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Rounds Presses Secretary of State on Lack of Strategy in Afghanistan Withdrawal Decision, Pushes for Plan Moving Forward

WASHINGTON—U.S. Senator Mike Rounds (R-S.D.), member of the Senate Committee on Foreign Relations, pressed U.S. Secretary of State Antony Blinken on the lack of strategy in the decision to withdraw U.S. forces from Afghanistan. When pressed by Senator Rounds, Secretary Blinken failed to provide insight into the United States’ strategy to combat adversaries and uphold American interests abroad. Rounds also requested a classified briefing with the Secretary of State to gain a better understanding of the department’s plans. Watch Senator Rounds’ questioning here.

Excerpts from today’s hearing below:

ROUNDS: Our adversaries, Mr. Secretary, are celebrating the departure of U.S. troops, and they are most certainly celebrating the creation of a power vacuum. Most certainly they are also prepared to take this opportunity and use it to their advantage. China has announced last week that it will send $31 million worth of aid to Taliban-controlled Afghanistan. There have also been reports that they are looking at Bagram Air Base for their own use. The Russian Embassy in Afghanistan has remained opened and the ambassador met with Taliban leadership after the takeover. Pakistan is considering the Taliban government as a partner to counter India, and the Iranian president openly called this an “American military defeat” and is considering working with the Taliban. Did the Administration consider all of these foreign policy implications before such an abrupt withdrawal? And, if they did, does the Department [of State] have a strategy to counter our adversaries malign influence in the region?

BLINKEN: We certainly did. We factored everything into the decisions we made, including the impact it might have on the neighboring countries, regional countries and others with various interests in Afghanistan. A number of the countries that you cited have a whole series of different interests in Afghanistan, to include making sure that it is not a place for terrorism directed against them, to ensure that it is not a source of drugs flowing out into their countries, to make sure that it is not a source of potential refugees flowing out into their country as well. So all of those things are in play and countries are looking to take steps that they need to take to protect some of their basic interests. At the same time, we’ve established, across more than one hundred countries and in the UN through a security council resolution, basic expectations of the Taliban-led government. And if those expectations are not met—and other countries and aiding and abetting so that the Taliban is able to not fulfill those expectations—there will be consequences for that too.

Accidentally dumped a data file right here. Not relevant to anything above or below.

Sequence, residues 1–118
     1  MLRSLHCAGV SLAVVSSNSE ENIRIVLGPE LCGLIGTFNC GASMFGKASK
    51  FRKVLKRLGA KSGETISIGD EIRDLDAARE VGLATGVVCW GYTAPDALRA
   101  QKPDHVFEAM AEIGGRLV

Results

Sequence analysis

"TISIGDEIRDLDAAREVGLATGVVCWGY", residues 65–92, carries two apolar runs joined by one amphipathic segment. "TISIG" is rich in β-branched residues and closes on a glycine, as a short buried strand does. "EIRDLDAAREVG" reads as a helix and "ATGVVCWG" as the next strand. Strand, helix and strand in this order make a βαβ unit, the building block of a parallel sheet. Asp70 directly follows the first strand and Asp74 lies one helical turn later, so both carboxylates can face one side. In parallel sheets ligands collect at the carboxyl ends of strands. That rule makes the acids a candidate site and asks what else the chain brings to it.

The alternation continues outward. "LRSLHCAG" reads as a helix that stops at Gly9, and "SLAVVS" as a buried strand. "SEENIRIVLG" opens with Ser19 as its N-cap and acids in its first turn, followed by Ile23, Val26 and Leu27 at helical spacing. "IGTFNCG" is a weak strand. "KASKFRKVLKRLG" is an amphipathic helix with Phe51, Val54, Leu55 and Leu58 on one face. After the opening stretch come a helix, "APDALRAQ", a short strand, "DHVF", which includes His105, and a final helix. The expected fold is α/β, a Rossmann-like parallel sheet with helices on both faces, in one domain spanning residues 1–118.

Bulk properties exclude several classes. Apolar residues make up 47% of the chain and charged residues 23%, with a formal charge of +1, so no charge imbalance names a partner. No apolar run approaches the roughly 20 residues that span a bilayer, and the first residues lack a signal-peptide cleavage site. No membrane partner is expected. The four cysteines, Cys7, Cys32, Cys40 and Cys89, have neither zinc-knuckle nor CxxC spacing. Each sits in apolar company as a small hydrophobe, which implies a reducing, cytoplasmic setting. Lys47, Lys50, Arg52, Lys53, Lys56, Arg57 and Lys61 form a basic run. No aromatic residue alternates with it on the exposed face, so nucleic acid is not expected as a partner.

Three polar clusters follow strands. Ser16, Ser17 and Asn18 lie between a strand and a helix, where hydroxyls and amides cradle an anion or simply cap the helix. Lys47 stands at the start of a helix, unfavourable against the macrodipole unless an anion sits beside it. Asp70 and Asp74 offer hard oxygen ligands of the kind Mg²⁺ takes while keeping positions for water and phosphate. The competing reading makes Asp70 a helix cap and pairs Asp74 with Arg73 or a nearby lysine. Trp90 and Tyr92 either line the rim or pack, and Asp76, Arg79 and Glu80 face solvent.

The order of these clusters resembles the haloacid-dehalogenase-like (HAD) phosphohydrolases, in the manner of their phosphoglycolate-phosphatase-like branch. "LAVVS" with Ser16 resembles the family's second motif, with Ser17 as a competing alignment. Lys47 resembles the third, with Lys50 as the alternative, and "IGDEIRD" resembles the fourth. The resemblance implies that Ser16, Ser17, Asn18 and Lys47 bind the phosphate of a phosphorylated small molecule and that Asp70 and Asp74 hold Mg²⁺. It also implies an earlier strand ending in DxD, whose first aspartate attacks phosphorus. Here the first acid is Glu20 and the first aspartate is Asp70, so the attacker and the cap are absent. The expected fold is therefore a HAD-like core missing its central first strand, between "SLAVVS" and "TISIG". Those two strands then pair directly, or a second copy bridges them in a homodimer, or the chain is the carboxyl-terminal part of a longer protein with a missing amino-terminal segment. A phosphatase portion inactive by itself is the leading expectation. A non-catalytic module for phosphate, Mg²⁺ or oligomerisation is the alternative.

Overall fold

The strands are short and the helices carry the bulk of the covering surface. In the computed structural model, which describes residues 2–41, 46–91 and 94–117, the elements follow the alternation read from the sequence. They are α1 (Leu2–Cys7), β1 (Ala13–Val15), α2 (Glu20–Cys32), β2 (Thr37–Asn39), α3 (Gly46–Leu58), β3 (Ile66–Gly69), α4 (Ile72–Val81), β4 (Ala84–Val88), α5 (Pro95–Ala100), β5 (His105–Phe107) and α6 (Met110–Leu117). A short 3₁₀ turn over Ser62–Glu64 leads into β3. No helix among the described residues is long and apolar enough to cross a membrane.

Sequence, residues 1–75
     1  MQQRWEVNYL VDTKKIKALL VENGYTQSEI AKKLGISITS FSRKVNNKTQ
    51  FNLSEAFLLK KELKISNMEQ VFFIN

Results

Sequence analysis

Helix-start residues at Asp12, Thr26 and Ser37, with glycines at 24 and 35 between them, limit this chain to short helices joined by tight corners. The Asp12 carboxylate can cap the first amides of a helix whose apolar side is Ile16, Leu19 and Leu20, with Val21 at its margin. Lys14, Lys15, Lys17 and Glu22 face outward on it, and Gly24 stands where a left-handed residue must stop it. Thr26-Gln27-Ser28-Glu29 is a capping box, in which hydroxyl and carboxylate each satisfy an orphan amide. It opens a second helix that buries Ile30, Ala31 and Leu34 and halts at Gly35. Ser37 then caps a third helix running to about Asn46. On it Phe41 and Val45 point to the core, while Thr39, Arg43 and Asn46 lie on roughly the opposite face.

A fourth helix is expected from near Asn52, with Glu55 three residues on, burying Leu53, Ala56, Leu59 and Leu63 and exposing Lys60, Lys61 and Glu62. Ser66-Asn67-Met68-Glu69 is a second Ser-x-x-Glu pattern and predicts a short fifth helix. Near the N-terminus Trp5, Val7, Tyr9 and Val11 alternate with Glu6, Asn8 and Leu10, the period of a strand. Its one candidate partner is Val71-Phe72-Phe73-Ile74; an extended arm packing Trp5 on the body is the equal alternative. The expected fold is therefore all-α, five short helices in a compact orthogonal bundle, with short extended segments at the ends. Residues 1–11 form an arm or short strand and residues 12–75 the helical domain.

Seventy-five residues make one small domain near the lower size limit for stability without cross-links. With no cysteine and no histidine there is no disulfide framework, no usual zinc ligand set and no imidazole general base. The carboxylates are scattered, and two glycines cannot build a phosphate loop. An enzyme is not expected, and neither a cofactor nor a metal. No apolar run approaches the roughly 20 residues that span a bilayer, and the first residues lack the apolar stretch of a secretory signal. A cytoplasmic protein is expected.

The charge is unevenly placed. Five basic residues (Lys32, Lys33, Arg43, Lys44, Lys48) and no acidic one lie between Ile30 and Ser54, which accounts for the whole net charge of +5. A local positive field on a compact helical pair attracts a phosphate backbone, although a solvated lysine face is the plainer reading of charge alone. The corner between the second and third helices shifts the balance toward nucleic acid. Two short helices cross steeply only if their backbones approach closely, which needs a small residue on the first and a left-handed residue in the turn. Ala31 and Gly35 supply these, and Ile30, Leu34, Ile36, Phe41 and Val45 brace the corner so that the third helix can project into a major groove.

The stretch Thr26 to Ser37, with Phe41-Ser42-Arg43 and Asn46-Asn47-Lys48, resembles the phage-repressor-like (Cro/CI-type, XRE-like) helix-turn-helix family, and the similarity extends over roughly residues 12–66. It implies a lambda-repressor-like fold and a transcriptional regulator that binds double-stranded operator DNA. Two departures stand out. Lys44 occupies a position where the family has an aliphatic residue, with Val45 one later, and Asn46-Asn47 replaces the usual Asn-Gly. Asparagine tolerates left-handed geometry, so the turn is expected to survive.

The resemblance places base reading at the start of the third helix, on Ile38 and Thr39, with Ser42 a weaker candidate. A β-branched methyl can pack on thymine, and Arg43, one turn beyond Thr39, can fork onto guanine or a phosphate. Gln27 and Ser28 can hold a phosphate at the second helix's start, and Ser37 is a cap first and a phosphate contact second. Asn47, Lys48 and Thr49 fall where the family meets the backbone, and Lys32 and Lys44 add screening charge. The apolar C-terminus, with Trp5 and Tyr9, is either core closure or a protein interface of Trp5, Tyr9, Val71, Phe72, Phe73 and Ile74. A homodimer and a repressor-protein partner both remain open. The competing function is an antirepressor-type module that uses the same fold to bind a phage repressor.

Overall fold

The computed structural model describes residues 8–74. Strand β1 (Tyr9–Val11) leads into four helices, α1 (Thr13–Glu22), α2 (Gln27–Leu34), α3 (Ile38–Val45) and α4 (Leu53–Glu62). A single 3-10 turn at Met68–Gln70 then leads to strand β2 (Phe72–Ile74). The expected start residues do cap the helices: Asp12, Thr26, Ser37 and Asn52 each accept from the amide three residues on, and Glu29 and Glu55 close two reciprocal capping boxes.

ROUNDS: Well, Mr. Secretary if I could, what I’m really curious about is do you have a strategy you’ve established? Did you have enough time before this withdrawal to actually establish a strategy knowing there would be a void in Afghanistan?

BLINKEN: The work that we’ve done to bring together, across dozens of countries, very active contact groups, looking as we work together across these countries with NATO, the EU as well as the UN. We have a collective strategy on the way forward…

ROUNDS: Does our country—do we have a strategy? If this has been laid out, and based on the need to move out as quickly as we did, did you have time to actually establish a strategy to take care of what will be this power void? Simply to say that you’re working on it with other countries looks to me that we need our own strategy here. And it doesn’t sound like you’re in a position to share with us that that strategy exists today.

BLINKEN: I’m happy, Senator, to follow up with you…but we have organized several dozen countries that are collectively working on and implementing a strategy…

ROUNDS: What I hope is that, if you would, whether it be in a classified setting or publicly, if you could share with us in a week to ten days, what that strategy is, and if it needs to be in a classified setting, I’d ask the chairman [of the Senate Committee on Foreign Relations] to provide us with that opportunity but most certainly I think it’s important that we have a strategy to combat what will be a void in Afghanistan, which is a void now, and most certainly something that we should be in a better position, I believe, than what it sounds like you’re able to articulate today.


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